1. Sampling Intensity
Minimum Detectable Differences
Soils in a loblolly pine
plantation in the Piedmont
Mobley, Yang, Yanai, Bacon,
SSSAJ in review
Roots in rocky soils in the
Fahey, Yanai, Gonzales,
5. Figure 1. Best fit regression models, selected by AICc, to describe changes from 1962-2010 in
concentrations of five elements (total C and N, and exchangeable Mg, Ca, and K), plotted on
logarithmic scale at four soil depths (denoted by different colors) at the Calhoun LTSE. Solid,
dashed, and dotted lines indicate linear, exponential, and quadratic model trends, respectively.
7. Table 1. Model types, actual rates of change, and minimum rates of
detectable change, for five elements at two soil depths at the Calhoun LTSE.
Values in bold indicate that the actual change exceeded the MDC.
8. Figure 2: Minimum annual percentage change detectable (contours) at various temporal
(vertical axes) and spatial (horizontal axes) sampling intensities for concentrations of total C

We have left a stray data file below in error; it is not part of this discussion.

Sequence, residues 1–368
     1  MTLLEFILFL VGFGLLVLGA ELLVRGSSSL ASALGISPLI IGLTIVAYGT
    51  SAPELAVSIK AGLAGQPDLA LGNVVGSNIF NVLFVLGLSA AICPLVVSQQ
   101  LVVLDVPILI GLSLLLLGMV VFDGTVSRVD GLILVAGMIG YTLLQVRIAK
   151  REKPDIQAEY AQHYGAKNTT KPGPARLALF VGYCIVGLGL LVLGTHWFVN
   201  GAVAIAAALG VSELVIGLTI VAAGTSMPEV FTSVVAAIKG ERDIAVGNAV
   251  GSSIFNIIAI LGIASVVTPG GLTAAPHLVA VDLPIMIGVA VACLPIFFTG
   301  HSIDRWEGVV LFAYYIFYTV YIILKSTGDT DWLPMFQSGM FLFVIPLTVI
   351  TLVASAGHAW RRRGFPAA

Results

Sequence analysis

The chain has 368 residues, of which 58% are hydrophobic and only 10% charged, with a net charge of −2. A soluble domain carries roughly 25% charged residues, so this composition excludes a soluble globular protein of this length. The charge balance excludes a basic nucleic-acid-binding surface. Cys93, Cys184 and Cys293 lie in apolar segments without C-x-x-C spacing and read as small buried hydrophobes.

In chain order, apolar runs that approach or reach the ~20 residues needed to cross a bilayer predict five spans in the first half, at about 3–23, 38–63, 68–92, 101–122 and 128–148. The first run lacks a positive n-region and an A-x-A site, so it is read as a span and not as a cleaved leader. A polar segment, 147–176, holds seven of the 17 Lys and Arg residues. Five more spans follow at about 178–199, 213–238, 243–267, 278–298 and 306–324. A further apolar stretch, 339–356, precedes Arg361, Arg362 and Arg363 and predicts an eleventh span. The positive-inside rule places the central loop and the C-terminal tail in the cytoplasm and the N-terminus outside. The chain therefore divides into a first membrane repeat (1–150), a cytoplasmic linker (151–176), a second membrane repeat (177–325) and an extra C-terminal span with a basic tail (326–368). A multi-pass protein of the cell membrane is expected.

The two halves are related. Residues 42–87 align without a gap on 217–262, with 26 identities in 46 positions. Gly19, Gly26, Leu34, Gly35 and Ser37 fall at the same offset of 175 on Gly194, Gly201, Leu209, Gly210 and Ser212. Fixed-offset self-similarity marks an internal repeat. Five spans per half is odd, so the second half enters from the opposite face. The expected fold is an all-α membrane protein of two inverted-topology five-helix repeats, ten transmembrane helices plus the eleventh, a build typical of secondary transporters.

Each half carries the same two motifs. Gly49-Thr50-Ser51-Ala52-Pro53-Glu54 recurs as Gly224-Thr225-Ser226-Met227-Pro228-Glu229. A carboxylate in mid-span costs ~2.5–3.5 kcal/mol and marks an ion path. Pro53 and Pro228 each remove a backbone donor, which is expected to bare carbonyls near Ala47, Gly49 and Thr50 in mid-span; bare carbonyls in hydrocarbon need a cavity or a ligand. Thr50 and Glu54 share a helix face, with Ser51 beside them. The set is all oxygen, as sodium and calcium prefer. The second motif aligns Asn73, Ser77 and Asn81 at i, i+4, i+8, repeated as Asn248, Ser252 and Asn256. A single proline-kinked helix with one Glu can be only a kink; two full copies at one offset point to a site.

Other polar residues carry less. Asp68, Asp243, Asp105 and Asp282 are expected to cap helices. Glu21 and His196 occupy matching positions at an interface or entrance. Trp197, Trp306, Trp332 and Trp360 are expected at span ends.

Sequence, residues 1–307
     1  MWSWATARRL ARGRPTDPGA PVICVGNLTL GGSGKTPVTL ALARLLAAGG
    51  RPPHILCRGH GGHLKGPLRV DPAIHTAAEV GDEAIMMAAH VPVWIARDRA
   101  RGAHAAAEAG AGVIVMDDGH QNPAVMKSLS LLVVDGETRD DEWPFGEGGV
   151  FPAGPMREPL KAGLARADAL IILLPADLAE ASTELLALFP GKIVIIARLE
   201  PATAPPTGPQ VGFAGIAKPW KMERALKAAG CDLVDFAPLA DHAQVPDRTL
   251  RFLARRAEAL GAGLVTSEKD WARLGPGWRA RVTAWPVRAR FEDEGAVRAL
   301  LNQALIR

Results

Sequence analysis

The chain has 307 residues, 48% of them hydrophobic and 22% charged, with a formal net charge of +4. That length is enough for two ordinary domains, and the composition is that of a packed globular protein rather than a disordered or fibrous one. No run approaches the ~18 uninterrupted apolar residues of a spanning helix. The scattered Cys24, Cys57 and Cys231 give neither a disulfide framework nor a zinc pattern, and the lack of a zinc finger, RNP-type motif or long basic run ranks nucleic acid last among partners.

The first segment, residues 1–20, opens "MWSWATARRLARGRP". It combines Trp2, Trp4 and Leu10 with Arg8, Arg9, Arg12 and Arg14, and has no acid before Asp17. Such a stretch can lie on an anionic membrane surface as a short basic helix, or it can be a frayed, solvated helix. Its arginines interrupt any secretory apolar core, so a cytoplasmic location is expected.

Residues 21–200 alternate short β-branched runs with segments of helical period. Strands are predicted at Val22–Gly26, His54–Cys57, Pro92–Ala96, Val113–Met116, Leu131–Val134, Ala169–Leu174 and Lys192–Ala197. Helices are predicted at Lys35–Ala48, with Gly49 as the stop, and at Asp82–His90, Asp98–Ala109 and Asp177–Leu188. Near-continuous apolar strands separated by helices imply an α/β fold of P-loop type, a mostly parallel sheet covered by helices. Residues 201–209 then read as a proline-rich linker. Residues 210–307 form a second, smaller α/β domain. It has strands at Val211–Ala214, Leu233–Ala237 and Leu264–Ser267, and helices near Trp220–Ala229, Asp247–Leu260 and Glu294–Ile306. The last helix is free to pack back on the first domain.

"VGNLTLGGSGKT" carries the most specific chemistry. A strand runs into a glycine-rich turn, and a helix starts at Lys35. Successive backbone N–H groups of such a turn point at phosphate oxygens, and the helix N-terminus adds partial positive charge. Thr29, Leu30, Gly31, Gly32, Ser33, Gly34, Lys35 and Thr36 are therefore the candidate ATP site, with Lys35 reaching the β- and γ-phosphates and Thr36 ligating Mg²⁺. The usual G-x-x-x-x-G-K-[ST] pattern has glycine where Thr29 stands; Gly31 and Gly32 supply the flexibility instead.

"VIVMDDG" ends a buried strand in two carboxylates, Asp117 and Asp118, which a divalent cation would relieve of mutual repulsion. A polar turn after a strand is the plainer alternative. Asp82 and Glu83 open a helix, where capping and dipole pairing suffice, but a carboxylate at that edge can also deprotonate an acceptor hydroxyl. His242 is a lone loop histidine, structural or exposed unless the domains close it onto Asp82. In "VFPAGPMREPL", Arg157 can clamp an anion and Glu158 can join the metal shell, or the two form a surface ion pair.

and exchangeable Ca at two soil depths for which trends were best fit with linear models.
9. Yang, Y., C.R. See, R.D. Yanai and M.A. Arthur. 2017. Sampling effort and uncertainty in litterfall mass and
nutrient flux in northern hardwoods. Ecosphere, 8(11):e01999. DOI: 10.1002/ecs2.1999
10. Advice for Monitoring Designs
Quantify the relationship between sampling
intensity and minimum detectable differences to
aid in making decisions about monitoring designs.
Consider the number of sites (plots, replicates)
and sampling intensity within them.
Consider costs of both sample collection and
Recommended sampling intensity may differ for
multiple variables measured.